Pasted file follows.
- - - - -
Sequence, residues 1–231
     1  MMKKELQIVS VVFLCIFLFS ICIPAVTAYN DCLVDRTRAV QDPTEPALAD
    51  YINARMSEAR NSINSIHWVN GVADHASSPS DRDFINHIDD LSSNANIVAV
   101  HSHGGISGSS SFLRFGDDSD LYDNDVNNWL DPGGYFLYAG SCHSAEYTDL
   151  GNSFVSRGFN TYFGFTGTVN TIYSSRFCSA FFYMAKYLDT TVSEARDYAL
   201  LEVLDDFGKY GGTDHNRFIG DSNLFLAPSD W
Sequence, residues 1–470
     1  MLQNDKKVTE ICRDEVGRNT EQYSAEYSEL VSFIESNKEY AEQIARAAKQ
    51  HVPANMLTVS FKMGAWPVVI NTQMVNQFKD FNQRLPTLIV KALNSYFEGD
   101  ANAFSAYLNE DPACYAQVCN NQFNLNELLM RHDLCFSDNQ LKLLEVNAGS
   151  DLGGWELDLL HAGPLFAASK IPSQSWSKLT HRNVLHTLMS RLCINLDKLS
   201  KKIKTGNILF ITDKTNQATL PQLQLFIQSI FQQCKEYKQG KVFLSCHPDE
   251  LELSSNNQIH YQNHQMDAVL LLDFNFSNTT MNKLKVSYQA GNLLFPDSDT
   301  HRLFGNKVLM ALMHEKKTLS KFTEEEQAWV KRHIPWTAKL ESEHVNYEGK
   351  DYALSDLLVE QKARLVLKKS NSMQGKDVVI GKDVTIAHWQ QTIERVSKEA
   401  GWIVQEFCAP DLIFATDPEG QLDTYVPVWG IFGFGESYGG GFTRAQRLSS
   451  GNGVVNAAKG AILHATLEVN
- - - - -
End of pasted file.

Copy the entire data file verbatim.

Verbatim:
Sequence, residues 1–231
     1  MMKKELQIVS VVFLCIFLFS ICIPAVTAYN DCLVDRTRAV QDPTEPALAD
    51  YINARMSEAR NSINSIHWVN GVADHASSPS DRDFINHIDD LSSNANIVAV
   101  HSHGGISGSS SFLRFGDDSD LYDNDVNNWL DPGGYFLYAG SCHSAEYTDL
   151  GNSFVSRGFN TYFGFTGTVN TIYSSRFCSA FFYMAKYLDT TVSEARDYAL
   201  LEVLDDFGKY GGTDHNRFIG DSNLFLAPSD W
Sequence, residues 1–470
     1  MLQNDKKVTE ICRDEVGRNT EQYSAEYSEL VSFIESNKEY AEQIARAAKQ
    51  HVPANMLTVS FKMGAWPVVI NTQMVNQFKD FNQRLPTLIV KALNSYFEGD
   101  ANAFSAYLNE DPACYAQVCN NQFNLNELLM RHDLCFSDNQ LKLLEVNAGS
   151  DLGGWELDLL HAGPLFAASK IPSQSWSKLT HRNVLHTLMS RLCINLDKLS
   201  KKIKTGNILF ITDKTNQATL PQLQLFIQSI FQQCKEYKQG KVFLSCHPDE
   251  LELSSNNQIH YQNHQMDAVL LLDFNFSNTT MNKLKVSYQA GNLLFPDSDT
   301  HRLFGNKVLM ALMHEKKTLS KFTEEEQAWV KRHIPWTAKL ESEHVNYEGK
   351  DYALSDLLVE QKARLVLKKS NSMQGKDVVI GKDVTIAHWQ QTIERVSKEA
   401  GWIVQEFCAP DLIFATDPEG QLDTYVPVWG IFGFGESYGG GFTRAQRLSS
   451  GNGVVNAAKG AILHATLEVN